Almost one third of American households participate in a 401(k) or 403(b) retirement saving plans – but a large portion of their money never makes it to retirement. More and more workers seem to be tapping into their retirement accounts for non-retirement needs.
New data shows more than one in four of workers with retirement plans are using them to pay current expenses. These withdrawals, cash-outs and loans drain nearly a quarter of the $293 billion that workers and employers deposit into the accounts each year. With all the federal policymakers eyeing cuts to Social Security and Medicare, the drain from these accounts have huge implications for future retirees. Essentially, we are going from bad to worse. There are already very few workers who have access to stable pension plans and savings in retirement accounts continue to leak out at a high rate. More than one in four workers dip into their retirement fund to pay their mortgages, credit card debt or other bills.
Since 2008 there has been a 12 percent increase in the number of workers who have taken loans against their retirement accounts or withdrew money outright. Because those who withdraw money face hefty penalties, the most common way Americans have tapped into their retirement funds is through loans.
In 1980, four out of five workers were covered by a traditional pension plan that paid them a fixed benefit once they retired. Now, just one in five workers have such a pension, leaving 401(k) and 403(b) retirement plans as the primary vehicles for retirees to supplement their Social Security benefits. Therefore, enabling people to spend down retirement money prior to retirement for anything other than the most severe circumstances is a terrible mistake.
However, millions of Americans have been caught between flat wages and high expenses. They feel they have no choice other than to withdraw or borrow from their retirement accounts. In 2010, twenty-eight (28) percent of participants reported they had an outstanding loan against their retirement accounts and nearly 7 percent of employees took hardship withdrawals that year while another 42 percent of workers cashed out their plans rather than rolling them over when they changed jobs. A recent study by Boston College found the typical household approaching retirement age has an average of $120,000 in their retirement plan, enough for roughly $8,000 a year in retirement income.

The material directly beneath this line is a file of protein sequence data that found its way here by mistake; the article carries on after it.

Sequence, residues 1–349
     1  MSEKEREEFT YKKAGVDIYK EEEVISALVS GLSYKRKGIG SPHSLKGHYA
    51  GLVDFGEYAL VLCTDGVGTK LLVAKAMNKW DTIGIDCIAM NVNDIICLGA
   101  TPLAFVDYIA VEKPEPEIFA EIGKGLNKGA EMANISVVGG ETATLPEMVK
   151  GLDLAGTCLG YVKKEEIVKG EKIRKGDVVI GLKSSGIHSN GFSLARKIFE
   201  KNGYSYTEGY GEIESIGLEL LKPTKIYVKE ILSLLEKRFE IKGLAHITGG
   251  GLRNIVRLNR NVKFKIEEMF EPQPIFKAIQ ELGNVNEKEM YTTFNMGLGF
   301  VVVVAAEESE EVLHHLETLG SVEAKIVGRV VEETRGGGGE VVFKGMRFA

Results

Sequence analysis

Federal policy makers and employer retirement managers have focused little on the threat to retirement security posed by premature withdrawals from savings plans and instead have worked to devise ways to get workers to put more money into their accounts at an earlier age. Annual contribution limits have increased over the last year but everyone forgets success depends on the workers consistently contributing to them and allowing the money to stay in place throughout their careers, allowing their investment returns to compound.
In summary, retirement saving is important and workers should be contributing to their retirement accounts on a regular basis. When you are considering borrowing or tapping into your retirement accounts for current needs, you should really weight your options and the cost before making such a big decision.